Weather metaphors have been considerably overused by those analysing the SNP’s general election landslide. In seeking to understand the events of the past two weeks, the metaphor of the juggernaut seems more appropriate. Tsunamis and earthquakes are difficult to predict, create massive damage and involve lengthy rebuilding processes. Only that last element of a freak weather disaster applies, particularly for Scottish Labour, with internal self-destruction adding to external pressures.
Juggernauts are powerful vehicles that represent people’s hopes and prayers, literally pulled along by thousands of people as a symbol of collective hope. Not to take this metaphor too far, of course, but mass participation in the political process during the independence referendum produced engagement on a scale redolent of the birth of the labour movement and that led to the SNP landslide. No wonder many professional pundits and Labour ‘strategists’ failed to grasp the new political dynamic in Scotland, rooted as they are in the narrow machine student politics of the 1980s and 1990s.
What many observers outwith Scotland did not appreciate is the long slow process that produced 56 SNP MPs elected on massive swings on a scale unprecedented in British political history. It’s arguable that the decline of Labour and the rise of SNP has its roots in the 1970s – the point at which political change became inevitable in a rapidly shifting post-industrial landscape.
The problem for Labour arose when the party became led by fixers, not visionaries, whose paramount concern has been controlling the party machine and agenda. The party became closed to all possibilities other than what serves the needs of the leadership and hostile to any other views or alternative visions.
No wonder civic Scotland looked askance upon being informed that Labour ‘delivered’ the Scottish parliament. This rather overlooked the role anyone else played. Devolution created new opportunities for dialogue, a space outside the Westminster bubble where alternative views could be heard and proportional representation delivered diversity in party dynamics in Holyrood and local government.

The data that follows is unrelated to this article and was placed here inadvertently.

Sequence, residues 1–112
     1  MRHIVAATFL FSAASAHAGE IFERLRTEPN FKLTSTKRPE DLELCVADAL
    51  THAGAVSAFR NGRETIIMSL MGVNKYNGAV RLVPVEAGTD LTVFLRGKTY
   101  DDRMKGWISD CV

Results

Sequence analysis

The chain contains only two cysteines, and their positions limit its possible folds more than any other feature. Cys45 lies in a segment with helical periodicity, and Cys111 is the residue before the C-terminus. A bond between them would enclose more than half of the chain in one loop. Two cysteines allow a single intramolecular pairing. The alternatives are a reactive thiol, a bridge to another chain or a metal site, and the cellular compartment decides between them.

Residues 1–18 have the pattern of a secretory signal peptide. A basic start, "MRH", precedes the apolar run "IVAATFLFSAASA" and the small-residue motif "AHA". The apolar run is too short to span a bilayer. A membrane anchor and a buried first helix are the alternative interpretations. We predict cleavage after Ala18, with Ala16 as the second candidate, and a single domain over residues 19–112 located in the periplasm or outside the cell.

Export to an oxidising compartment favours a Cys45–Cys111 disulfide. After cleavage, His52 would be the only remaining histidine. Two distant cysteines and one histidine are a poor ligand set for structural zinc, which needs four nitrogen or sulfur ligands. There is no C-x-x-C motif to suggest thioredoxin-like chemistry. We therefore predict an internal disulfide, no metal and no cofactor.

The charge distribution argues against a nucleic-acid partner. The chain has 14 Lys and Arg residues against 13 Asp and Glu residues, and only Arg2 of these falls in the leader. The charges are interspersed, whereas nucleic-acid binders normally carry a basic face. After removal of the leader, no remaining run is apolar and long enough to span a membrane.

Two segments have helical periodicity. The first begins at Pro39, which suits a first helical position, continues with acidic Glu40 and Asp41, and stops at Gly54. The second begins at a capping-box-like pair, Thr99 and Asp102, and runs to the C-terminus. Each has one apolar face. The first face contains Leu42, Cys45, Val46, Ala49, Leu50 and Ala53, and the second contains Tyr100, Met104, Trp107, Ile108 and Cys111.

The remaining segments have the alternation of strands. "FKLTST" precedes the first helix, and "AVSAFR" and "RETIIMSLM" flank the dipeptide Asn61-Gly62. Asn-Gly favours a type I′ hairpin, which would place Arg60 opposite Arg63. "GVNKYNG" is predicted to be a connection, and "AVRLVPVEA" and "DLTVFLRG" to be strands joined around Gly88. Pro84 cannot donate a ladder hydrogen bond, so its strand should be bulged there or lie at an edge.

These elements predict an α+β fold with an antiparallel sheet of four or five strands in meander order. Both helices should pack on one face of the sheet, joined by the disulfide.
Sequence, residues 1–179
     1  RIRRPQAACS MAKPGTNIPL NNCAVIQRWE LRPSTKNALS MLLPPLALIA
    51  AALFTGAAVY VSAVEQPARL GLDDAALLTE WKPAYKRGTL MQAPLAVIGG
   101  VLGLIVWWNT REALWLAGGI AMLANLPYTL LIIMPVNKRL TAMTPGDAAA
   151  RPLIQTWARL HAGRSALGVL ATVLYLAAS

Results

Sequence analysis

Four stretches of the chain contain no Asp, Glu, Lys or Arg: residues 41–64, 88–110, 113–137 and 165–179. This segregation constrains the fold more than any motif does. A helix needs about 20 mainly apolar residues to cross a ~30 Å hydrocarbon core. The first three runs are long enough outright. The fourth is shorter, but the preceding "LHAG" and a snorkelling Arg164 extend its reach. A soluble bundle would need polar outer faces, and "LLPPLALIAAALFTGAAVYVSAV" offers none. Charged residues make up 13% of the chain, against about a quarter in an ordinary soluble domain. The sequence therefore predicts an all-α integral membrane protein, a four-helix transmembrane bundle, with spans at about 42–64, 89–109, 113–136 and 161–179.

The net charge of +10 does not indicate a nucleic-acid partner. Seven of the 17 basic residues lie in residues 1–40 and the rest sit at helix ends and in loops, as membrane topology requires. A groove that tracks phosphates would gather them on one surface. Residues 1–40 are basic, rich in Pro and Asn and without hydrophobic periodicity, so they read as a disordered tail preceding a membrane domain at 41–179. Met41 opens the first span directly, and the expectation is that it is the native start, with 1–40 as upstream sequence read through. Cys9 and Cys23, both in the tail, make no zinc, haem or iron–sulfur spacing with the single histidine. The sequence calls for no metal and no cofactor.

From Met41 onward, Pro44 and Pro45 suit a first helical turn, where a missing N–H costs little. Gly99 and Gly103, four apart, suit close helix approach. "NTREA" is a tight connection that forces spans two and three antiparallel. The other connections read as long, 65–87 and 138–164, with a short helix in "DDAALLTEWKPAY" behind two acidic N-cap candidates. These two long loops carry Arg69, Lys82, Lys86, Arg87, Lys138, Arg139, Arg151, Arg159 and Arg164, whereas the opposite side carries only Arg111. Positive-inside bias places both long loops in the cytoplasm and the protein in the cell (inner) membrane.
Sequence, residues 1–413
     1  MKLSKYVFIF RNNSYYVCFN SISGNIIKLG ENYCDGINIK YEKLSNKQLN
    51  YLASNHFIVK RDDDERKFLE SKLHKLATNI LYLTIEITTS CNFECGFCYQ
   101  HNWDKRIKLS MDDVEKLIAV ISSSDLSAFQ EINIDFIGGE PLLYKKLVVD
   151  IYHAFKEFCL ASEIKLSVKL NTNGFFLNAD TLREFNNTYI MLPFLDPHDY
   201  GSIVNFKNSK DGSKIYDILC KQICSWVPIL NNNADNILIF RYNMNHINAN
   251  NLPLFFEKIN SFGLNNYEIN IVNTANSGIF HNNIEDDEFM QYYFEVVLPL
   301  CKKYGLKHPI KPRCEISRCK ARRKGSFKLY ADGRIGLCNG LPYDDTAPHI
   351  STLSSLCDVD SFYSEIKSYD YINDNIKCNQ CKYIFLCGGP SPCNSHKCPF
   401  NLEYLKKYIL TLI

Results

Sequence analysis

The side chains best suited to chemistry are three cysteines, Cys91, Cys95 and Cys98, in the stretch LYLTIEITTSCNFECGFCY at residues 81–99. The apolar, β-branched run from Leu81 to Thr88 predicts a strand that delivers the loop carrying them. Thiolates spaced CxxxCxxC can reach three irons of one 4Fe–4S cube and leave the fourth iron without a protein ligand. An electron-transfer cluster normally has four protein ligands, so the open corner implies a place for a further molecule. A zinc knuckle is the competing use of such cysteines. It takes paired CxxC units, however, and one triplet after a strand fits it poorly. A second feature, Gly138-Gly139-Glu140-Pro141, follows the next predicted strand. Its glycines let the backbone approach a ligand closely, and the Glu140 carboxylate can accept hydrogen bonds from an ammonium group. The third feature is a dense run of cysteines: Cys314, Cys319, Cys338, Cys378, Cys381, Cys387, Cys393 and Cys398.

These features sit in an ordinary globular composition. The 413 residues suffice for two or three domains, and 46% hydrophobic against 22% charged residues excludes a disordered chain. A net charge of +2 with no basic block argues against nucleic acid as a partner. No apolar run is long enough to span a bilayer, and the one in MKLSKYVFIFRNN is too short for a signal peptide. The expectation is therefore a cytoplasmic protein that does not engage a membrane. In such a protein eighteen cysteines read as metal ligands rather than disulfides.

All this time the sands were shifting under Labour and the 2011 result is testament to their failure to engage and realise there was a disconnect with the people that was more fundamental than results in electoral cycles. Then came the indyref. The mobilisation of previously disengaged people by the ‘Yes’ campaign uncovered a hunger for change and the campaign effectively used social media and more conventional meetings to reach many who previously had no idea that other people shared their views to question the status quo.
Bypassing the mainstream media which was largely hostile to independence was a necessity that enabled a profoundly empowering process as small groups of people started to interact with one another without being guided by power brokers. It was nothing less than a collective self-generating movement of political education and organisation via Twitter and Facebook.
The reality of the ‘No’ vote meant many woke up on the morning of September 19 disappointed, but not defeated. What many in the political class and commentariat failed to grasp was that ‘Yes’ energy and activism was now looking for an outlet. There was a surge in membership of all parties who campaigned for ‘Yes’, and the unions experienced mass requests for opt-outs from Labour at the same time as the SNP trade union group membership exploded.
Many people made a conscious choice in the lead up and on May 7 to join and/or vote SNP to send a message to Labour and the political elites that they didn’t believe the status quo was good enough. We know that many have ‘lent’ us their vote and support and are looking for us to deliver, and reserve their right to exercise different choices in the future.
This is the challenge we face, to stay grounded and remember that people have placed their trust in us as the party that can redress inequality and injustice at a time when the most ideological Conservative government is preparing an all out assault on the rights and freedoms won by the labour movement.
The SNP trade union group now has more members than Scottish Labour and next month will convene to decide how to move forward both in organisational and political terms. It is not a union but a network of SNP members who are in unions and do not believe that the historical Labour link is working.
This is an argument which some of us have been making for a long time, and is increasingly shared across the spectrum on the left in Scotland. I would also add that there are those in other parts of the UK that question the validity and relevance of the link – my comrades in Plaid and non-Labour party activists in England for example. The FBU and RMT have already concluded that their campaigning and negotiating is best done independently.
We are poised to see a historical realignment of union structures and funding change to reflect their views of their members who no longer trust in Labour per se. Where I believe there is a constructive way forward is if all who wish to resist the attacks on working people and their rights are able to come together and seek that common ground to fight the austerity agenda.
Scottish Labour’s greatest failure is to deny the possibility that other parties, especially the SNP, have something to offer in that struggle. Tribalism is destroying Labour in Scotland, but in order to be an effective opposition to the Tories in Westminster, I hope it recognises it has an opportunity to work with us to seek that common ground for common good.
Chris Stephens is the (SNP) MP for Glasgow South West. He was previously a senior UNISON lay official in Glasgow City Council.